The last thing you want is a series of "achoos" to interrupt your "I do's," or worse, send someone to the hospital. With these 10 tips from the American College of Allergy, Asthma and Immunology, you can limit allergy concerns on your big day.
1. The sweet smell of love
Some guests may be sensitive to cologne or perfume, so, on a day with so many hugs, handshakes and slow dances, it's best to go easy. The allergic response is a reaction to odors created by volatile organic compounds (VOCs) and can cause headaches, sneezing, watery eyes and runny noses.
2. Fido as best man?
If you’re planning to include your best pet pal in your wedding, make sure none of the bridal party is allergic. They'll be the ones closest to your pet during the ceremony, so you want to make sure they don't have an allergic reaction.
3. Avoid the flames
Your burning love may have brought you to the alter, but burning candles can cause an allergic reaction. Scents from candles (especially a lot of them) can trigger asthma, so consider using LED candles at the reception instead. Bonus: they're safer, too!
4. Include your allergist in your planning
If the bride or groom suffers from allergies or asthma, it can be wise to meet with an allergist a few months prior to the wedding day. Visit the Find an Allergist locator to find a board-certified allergist near you to create a wedding plan with no hitches.
5. Got your dress? Now think about medications
If you have allergies, start your medications well before symptoms usually start. You don’t want to have a red nose, or be sneezing and wheezing during the ceremony. Also, be aware of side effects — including drowsiness — of some medications.
6. Create a safe menu
To find out about any severe food allergies among guests, add a line on your RSVP card or include a section on your wedding website so guests can give you this important information. The most common food allergens include eggs, milk, tree nuts, fish, shellfish, wheat and soy.
7. Plan for pollen
The warm-weather months are the most popular times to get married. If you want an outdoor wedding, be aware of when pollen counts are highest. In spring and summer, during tree and grass pollen season, levels are highest in the evening. In late summer and early fall, during ragweed pollen season, levels are highest in the morning.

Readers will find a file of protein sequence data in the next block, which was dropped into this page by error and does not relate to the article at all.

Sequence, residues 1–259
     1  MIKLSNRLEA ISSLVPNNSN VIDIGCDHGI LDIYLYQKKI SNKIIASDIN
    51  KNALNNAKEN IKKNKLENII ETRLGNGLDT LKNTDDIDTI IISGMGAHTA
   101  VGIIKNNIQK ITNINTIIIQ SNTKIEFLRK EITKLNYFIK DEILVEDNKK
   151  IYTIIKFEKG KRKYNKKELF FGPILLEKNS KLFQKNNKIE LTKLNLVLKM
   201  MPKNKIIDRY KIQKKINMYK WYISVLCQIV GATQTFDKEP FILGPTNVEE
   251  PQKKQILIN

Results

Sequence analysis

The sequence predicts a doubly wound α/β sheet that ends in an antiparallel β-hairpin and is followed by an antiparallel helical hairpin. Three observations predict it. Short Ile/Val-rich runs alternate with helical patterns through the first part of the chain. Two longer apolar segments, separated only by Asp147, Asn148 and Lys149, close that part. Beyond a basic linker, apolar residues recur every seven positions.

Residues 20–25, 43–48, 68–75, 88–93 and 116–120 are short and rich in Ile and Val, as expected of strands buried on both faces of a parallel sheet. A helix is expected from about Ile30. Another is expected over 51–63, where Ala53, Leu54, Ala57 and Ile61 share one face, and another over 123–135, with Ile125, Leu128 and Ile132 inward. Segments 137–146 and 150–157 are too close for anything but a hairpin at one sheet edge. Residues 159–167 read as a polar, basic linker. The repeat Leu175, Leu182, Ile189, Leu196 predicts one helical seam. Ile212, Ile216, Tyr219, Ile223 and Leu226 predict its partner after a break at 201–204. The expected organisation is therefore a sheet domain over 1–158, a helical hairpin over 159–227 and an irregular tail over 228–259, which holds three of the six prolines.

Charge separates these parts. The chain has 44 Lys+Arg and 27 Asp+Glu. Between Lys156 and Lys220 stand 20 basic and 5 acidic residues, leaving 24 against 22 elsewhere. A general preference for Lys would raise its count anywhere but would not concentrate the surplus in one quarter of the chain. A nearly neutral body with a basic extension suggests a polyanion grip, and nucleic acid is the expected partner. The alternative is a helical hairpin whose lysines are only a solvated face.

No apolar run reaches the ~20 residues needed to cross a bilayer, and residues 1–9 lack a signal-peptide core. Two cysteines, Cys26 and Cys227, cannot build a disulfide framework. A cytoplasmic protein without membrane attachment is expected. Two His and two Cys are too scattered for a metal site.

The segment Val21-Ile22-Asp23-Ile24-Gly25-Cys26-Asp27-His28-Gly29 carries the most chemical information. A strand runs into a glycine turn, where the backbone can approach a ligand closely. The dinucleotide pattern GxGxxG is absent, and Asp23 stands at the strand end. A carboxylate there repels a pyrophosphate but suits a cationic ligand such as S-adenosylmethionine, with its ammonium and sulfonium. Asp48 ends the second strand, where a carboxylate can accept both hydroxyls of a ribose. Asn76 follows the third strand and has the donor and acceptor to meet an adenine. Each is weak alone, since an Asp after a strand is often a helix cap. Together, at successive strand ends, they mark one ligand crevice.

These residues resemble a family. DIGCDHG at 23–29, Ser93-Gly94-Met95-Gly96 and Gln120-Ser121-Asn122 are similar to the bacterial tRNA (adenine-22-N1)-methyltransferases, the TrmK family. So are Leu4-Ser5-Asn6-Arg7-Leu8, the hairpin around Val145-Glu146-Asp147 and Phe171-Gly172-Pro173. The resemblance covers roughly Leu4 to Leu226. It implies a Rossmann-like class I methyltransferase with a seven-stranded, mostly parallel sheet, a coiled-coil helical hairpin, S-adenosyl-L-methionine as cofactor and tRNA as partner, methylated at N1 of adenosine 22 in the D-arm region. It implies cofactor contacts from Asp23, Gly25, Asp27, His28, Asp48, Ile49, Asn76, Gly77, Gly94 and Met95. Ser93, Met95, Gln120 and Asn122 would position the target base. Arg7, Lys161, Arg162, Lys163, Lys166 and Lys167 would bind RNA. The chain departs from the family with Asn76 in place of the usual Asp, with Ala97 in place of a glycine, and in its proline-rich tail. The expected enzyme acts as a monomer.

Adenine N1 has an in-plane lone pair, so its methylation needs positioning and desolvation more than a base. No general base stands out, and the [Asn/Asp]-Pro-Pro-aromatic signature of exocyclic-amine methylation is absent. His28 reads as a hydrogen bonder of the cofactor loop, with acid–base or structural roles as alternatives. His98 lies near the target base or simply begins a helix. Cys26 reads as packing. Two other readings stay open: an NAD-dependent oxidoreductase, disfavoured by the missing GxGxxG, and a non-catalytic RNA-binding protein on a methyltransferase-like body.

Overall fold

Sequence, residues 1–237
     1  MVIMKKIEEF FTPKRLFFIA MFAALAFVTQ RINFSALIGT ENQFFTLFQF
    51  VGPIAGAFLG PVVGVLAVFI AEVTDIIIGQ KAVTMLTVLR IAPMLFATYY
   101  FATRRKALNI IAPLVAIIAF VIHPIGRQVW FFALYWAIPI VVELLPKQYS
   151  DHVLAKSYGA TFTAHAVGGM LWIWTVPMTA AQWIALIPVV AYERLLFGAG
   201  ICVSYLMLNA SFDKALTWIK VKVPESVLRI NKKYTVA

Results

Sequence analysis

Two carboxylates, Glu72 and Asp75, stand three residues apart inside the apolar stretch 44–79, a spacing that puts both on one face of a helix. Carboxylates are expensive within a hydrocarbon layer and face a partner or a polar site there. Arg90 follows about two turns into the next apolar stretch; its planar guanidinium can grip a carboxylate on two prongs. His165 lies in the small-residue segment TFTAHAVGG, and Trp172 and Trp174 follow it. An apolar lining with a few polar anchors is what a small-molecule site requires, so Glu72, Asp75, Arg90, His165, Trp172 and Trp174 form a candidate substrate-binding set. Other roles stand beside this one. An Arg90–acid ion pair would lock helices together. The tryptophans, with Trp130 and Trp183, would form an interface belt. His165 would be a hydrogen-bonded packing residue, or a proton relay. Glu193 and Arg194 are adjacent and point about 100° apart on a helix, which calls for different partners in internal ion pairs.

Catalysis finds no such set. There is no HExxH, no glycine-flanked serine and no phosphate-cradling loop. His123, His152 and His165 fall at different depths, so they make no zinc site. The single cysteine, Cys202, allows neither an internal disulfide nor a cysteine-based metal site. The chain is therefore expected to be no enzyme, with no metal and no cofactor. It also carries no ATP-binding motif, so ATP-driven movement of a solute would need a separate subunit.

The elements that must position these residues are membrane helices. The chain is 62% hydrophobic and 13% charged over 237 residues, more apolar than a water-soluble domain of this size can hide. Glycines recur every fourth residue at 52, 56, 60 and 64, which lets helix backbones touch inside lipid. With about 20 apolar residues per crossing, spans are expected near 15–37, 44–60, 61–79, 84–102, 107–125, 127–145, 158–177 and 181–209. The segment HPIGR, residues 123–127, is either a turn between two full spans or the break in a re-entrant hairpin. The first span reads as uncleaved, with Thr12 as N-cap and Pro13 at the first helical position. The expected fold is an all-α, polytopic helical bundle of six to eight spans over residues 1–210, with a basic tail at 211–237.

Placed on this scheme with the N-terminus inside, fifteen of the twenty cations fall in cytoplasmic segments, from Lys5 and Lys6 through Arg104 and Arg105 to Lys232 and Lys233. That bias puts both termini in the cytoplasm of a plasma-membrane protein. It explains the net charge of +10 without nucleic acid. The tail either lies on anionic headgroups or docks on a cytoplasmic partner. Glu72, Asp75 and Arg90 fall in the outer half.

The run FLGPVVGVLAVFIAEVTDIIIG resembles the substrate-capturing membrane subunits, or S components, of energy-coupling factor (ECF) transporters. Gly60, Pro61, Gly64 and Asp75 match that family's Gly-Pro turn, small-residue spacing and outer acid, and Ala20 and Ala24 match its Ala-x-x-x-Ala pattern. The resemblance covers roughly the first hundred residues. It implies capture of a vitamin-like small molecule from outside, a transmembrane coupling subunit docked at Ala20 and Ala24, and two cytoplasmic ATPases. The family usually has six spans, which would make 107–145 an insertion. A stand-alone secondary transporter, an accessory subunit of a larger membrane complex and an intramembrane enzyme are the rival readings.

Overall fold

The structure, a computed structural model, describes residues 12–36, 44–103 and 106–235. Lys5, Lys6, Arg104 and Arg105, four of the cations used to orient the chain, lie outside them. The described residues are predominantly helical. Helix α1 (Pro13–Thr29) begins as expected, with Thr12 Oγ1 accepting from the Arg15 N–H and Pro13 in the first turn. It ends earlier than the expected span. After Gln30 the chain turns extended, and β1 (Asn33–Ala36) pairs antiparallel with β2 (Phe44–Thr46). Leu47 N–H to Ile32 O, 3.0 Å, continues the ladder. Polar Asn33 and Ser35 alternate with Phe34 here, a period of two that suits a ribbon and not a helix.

8. Forget flower worries
There are many beautiful flower options with low allergy risk to use at your wedding. The key is to select varieties that produce little-to-no pollen. You can't go wrong with classic roses. Other allergy-friendly flowers include begonia, columbine, crocus, daffodil and geraniums.
9. Create self-care baskets
Consider creating baskets to place in bathrooms that are stocked with basics to combat allergies and other concerns. For example, you could include eye drops and tissue packs, plus some saline spray. Not very romantic, but handy!
10. No bees invited!
For outdoor weddings where stinging insects might be present, add tweezers, bandages and antiseptic ointment to your basket. If the bride or groom are allergic to stinging insects, an indoor wedding might be the best bet.
A little advance planning can make your wedding super romantic — and free of allergy and asthma symptoms.
If you are one of the more than 50 million Americans that suffer from allergy and asthma, ACAAI can help you find an allergist in your area.
The ACAAI is a professional medical organization of more than 6,000 allergists-immunologists and allied health professionals, headquartered in Arlington Heights, Ill. The College fosters a culture of collaboration and congeniality in which its members work together and with others toward the common goals of patient care, education, advocacy and research. ACAAI allergists are board-certified physicians trained to diagnose allergies and asthma, administer immunotherapy, and provide patients with the best treatment outcomes. For more information and to find relief, visit AllergyandAsthmaRelief.org. Join us on Facebook, Pinterest and Twitter.